Naxalism: A class struggle in caste-land

Updated: Oct 29, 2010, 17:04 PM IST

Sushmita Dutta

One of the major issues that Bihar would be tackling in this election would be the rise of Naxal violence in recent times. This issue is of special importance as it impacts the country and not just any one state. Moreover, it is directly related to the development of the downtrodden – as claimed by the Naxals – and development is the main poll plank, as per CM Nitish Kumar.

The issue is hot again because of the recent kidnapping of four Bihar policemen by Naxals and the killing of a tribal cop from among them. It led to many anxious moments for the government and a chance for the opposition to make hay. The government managed the freedom of the cops and the CM deftly involved all political parties in the resolution of the issue, spoiling their schemes to milk the situation.

At what cost did this freedom come, no body knows till date.

Whereas the opposition would try to pin down Nitish for his so-called ‘soft’ approach towards Naxal issue, the government would try its best to borrow support of what constitutes the Naxal base i.e. the poor masses and at the same time accommodate the extremists, as far as possible, for a peaceful election. They say no votes can be polled in some Naxal areas without their permission!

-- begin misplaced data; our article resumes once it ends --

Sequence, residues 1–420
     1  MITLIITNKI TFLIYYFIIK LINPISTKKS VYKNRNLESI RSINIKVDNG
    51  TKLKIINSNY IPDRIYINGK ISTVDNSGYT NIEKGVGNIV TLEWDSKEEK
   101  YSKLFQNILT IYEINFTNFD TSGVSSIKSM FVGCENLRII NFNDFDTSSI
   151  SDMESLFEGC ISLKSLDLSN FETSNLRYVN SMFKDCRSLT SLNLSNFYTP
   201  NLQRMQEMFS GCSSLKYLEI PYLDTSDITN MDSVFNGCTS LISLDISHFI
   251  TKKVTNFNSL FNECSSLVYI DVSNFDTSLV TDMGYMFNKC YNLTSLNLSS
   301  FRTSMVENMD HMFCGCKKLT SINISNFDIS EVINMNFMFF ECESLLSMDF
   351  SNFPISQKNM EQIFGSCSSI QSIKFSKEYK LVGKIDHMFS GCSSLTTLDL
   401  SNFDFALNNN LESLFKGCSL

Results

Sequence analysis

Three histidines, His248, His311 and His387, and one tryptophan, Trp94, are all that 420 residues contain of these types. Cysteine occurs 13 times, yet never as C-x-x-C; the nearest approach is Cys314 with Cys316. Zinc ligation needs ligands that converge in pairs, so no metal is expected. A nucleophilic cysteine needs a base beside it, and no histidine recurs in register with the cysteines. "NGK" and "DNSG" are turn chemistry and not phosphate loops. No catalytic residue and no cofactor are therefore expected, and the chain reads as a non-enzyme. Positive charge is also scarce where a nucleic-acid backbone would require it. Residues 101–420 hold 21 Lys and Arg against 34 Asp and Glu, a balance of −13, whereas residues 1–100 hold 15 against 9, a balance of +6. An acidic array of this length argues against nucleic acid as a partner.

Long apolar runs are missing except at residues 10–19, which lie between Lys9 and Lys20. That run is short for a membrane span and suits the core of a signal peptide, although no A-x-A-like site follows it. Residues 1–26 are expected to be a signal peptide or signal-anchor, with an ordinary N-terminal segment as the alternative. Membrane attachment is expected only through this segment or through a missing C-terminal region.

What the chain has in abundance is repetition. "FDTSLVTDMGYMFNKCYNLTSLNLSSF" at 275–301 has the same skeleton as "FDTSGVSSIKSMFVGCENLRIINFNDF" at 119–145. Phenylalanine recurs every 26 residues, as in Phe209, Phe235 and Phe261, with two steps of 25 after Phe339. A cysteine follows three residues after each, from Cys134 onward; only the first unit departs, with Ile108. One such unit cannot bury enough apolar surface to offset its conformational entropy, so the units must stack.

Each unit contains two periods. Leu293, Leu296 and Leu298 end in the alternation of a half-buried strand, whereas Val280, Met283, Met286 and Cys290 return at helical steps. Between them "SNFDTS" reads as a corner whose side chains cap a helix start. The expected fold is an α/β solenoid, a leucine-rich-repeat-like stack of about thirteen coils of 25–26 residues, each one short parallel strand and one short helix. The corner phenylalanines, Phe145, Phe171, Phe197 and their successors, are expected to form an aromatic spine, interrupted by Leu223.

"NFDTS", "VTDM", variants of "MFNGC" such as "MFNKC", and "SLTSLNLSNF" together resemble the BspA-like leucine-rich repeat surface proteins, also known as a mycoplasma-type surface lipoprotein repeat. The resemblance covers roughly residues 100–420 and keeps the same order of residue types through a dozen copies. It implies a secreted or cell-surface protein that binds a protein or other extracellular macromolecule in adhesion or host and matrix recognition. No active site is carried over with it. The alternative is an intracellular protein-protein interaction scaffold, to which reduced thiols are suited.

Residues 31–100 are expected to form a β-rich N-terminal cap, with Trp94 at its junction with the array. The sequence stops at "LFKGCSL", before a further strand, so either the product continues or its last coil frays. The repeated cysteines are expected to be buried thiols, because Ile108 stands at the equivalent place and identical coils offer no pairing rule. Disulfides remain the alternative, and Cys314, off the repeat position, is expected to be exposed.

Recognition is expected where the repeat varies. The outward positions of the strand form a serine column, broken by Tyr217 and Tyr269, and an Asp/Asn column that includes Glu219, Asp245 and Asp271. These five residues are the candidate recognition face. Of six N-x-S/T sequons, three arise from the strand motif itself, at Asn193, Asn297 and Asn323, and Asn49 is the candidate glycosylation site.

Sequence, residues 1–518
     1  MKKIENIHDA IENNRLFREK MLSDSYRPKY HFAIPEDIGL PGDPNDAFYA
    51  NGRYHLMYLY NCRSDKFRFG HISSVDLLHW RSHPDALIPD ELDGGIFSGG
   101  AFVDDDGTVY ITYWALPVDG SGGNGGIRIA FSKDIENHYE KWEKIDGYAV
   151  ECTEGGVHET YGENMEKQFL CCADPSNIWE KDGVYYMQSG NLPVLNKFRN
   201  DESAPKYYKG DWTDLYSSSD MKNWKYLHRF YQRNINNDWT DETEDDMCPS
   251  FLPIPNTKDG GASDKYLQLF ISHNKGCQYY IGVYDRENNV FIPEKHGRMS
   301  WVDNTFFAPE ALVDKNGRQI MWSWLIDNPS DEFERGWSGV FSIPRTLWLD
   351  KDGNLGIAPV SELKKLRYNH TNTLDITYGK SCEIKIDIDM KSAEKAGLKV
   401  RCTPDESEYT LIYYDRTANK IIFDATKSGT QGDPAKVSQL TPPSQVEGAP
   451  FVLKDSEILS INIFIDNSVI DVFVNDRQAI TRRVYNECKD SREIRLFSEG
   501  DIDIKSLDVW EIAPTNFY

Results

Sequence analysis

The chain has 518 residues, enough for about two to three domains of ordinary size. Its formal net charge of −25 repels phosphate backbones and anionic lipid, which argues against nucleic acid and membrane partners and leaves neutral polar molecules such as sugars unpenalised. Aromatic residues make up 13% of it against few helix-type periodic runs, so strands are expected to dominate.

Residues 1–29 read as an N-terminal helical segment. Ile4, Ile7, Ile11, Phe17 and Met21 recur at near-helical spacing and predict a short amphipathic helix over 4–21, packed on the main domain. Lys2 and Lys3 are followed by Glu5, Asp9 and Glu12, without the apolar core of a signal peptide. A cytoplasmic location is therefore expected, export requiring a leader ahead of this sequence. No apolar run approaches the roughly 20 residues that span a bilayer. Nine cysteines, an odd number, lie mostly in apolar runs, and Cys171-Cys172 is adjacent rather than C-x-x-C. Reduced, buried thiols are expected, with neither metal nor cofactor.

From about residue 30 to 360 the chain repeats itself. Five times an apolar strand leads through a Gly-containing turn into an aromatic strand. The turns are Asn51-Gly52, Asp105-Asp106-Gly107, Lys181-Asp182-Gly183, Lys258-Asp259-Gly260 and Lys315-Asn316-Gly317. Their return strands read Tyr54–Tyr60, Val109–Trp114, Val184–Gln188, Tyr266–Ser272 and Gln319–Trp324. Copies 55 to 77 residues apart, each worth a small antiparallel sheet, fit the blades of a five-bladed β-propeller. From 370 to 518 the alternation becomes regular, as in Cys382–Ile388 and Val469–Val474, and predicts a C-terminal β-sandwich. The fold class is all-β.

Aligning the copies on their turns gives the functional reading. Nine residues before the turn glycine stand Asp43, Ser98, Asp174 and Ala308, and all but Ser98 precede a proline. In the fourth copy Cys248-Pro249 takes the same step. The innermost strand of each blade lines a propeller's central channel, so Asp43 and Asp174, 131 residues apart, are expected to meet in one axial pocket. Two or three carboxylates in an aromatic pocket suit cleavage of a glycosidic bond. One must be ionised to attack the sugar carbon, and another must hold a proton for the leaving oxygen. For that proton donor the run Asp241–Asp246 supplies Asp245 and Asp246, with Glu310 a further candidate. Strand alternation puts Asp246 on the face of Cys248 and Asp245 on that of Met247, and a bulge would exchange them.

Naxalism in Bihar, though right now a burning issue, has been for long a bloody chapter in the state’s turbulent history. Sixteen out of the 38 districts in Bihar are Naxal infested. The presence of Naxals was always been a factor to reckon with, but in the recent years they have reinforced their position. On the one hand they have held onto their strongholds, on the other they have also managed to break new ground. East Champaran, West Champaran, Sitamarhi, Darbhanga, Madhubani districts have seen rise in Naxal extremism.

Other than that, the districts of Saharsa, Begusarai and Vaisali have also been recognised as newly acquired Naxal dominations. The original strongholds of Patna, Gaya, Jehanabad, Aurangabad have been solidified too.

Evolution of Naxalism

In Bihar, nothing escapes the clutches of cast, not even the so-called class based struggle. It is believed that the Naxal movement started in Bihar as early as in 1967, in a sleepy village of Ekwari in Bhojpur district by Jagadish Mahato who, with the help from the firebrands Naxal leaders, led a war against landlords. He was supported by the lower caste land tillers.

But the Naxal movement in Bihar actually came to national attention in the 1980s with the advent of a group called the Maoist Communist Centre (MCC). It was notorious for its acts of violence, especially in Central Bihar. From the late ‘80s to the early ‘90s, the MCC hit Bihar with major acts of violence in places like Gaya, Aurangabad and Chapra in which Bhumihars, Rajputs, policemen and politicians were brutally killed. In Bihar, the Naxal movement did not remain a struggle for the poor but degenerated into a caste conflict as cadre were created on the basis of hatred against the rich and influential castes.